. Healthy Eating During Spring Festival Season - New Orleans Musicians' Clinic

April 14, 2016

Healthy Eating During Spring Festival Season

Think you can’t eat healthy at a weekend crawfish boil or around Jazz Fest? Think again!

Spring Festival season is upon us- Time to cut loose and enjoy the vibrant music, culture and cuisine of our great city! Sometimes when caught up in the music and spirit of the revelry, it’s easy to lose sight of sticking to a diet or nutritious plan.

The NOMC is here to inform you on how to stay healthy during festival season, so you can have a good time and FEEL good the whole time! Read below for tips on what to order when dining out, crawfish boils, and learn more about shellfish & MSG allergies.

 


 

NOMC_Crawfish * Attention Crawfish Fans! Did you know that mudbugs are good for you? *

 

Thanks to NOLA.COM’s Molly Kimball’s recent article, we are enthused to share that boiled crawfish aren’t the guilty pleasure that we think they are!

Reasons why crawfish are good for you:

Crazy-low calories: Ounce for ounce, boiled crawfish tails have nearly half the calories of roasted, skinless chicken breast.

A not-so-guilty pleasure: Not only are they low in calories, they’re also low in carbs and high in protein. And although they’re high in cholesterol (a 6-ounce serving of tails has 232 milligrams), saturated and trans fats actually have more of an impact on our cholesterol levels, and crawfish tails less than one gram of total fat, and zero saturated fat.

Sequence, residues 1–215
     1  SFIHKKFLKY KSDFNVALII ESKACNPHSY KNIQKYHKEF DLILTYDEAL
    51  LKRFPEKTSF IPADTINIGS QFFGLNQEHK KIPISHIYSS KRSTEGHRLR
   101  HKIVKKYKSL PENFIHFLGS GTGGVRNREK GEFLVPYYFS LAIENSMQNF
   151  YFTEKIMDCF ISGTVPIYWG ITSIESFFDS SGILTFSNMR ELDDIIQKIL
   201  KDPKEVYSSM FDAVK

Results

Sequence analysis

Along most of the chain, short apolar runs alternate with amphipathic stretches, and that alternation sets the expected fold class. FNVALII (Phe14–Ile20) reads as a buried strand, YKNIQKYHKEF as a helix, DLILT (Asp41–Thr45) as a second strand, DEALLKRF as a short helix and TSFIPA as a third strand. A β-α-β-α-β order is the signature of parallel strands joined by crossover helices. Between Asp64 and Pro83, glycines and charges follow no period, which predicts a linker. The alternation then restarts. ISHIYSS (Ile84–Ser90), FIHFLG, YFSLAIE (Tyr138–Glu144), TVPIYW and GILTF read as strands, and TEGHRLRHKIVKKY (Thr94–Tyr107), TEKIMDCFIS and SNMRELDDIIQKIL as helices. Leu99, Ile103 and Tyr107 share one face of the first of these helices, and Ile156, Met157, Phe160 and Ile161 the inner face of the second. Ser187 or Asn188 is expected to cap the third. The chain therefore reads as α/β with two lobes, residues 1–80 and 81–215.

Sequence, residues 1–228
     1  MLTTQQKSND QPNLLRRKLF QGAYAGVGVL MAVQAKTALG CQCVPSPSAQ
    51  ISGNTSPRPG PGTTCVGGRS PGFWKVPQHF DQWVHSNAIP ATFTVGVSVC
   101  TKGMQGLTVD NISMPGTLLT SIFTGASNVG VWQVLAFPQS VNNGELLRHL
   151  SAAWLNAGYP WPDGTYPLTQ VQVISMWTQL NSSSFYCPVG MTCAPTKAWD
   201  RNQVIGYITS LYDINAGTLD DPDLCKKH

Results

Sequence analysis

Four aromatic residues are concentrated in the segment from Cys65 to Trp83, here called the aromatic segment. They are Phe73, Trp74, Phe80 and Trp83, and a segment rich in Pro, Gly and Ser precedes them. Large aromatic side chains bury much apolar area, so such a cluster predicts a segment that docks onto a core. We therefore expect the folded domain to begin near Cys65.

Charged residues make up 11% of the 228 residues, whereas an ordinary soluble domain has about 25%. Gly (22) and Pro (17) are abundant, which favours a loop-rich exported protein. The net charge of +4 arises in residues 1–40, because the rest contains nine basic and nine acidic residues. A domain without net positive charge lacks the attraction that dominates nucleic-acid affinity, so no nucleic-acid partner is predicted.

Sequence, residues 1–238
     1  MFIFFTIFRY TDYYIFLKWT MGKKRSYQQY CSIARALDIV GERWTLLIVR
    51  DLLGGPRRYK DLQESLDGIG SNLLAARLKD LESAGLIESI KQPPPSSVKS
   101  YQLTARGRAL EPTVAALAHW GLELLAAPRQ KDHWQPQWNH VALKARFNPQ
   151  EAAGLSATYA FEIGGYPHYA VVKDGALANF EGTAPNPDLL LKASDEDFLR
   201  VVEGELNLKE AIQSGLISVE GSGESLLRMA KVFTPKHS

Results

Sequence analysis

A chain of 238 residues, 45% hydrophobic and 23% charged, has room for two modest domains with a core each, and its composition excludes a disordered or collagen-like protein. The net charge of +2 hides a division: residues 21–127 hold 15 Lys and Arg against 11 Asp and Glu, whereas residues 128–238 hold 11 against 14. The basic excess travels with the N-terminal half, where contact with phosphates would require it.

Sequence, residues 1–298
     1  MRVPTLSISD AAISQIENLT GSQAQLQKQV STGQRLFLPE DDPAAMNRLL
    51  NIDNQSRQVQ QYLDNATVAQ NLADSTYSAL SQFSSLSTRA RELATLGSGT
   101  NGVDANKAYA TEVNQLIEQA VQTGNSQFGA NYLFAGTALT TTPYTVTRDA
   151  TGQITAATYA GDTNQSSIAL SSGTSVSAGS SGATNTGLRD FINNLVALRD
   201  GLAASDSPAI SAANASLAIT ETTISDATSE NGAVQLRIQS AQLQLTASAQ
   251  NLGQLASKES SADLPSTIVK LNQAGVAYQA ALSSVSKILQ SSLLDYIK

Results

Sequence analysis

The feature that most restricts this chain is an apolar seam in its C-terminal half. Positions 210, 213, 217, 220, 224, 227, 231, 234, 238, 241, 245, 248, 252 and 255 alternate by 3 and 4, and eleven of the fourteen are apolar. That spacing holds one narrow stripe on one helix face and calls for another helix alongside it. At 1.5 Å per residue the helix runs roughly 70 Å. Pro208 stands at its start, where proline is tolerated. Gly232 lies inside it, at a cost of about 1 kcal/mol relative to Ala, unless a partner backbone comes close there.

Surprisingly nutrient-rich: A 6-ounce serving of crawfish tails (about what you get from three pounds, unpeeled) provides nearly a day’s worth of vitamin B12 and more than 80 percent of our daily requirement for the antioxidant selenium.

 

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Holly Clegg’s tips for incorporating crawfish into your diet:

• Purchase Louisiana crawfish tails when in season to freeze and use throughout the year.

• Crawfish may be substituted for any recipe that calls for shrimp, just remember the tails are already cooked, so add them closer to the end.

• Think of crawfish as an ingredient to add interest to soups, salads, low-fat dips, or to liven up plain old grilled chicken or fish.

 

 

. . . . . . . .

Molly Kimball is a registered dietitian in New Orleans. Her column appears every Friday in Living and her nutrition video blog appears every Tuesday on nola.com/health. She can be reached at eatingright@timespicayune.com.

 


A Few Notes on Crab Boil, Sodium, MSG and Shellfish Allergies

Springtime means lots of seafood- crawfish boils, fresh shrimp and crab seasoned up to perfection, etc. This delicious seasoned taste is typically achieved using Crab Boil- a spice mixture which can contain high levels of sodium and, depending on the brand, relatively high levels of MSG. One thing that may not be common knowledge are the ingredients and allergies related to shellfish and crab boils. Here are a few informational tid bits to be aware of: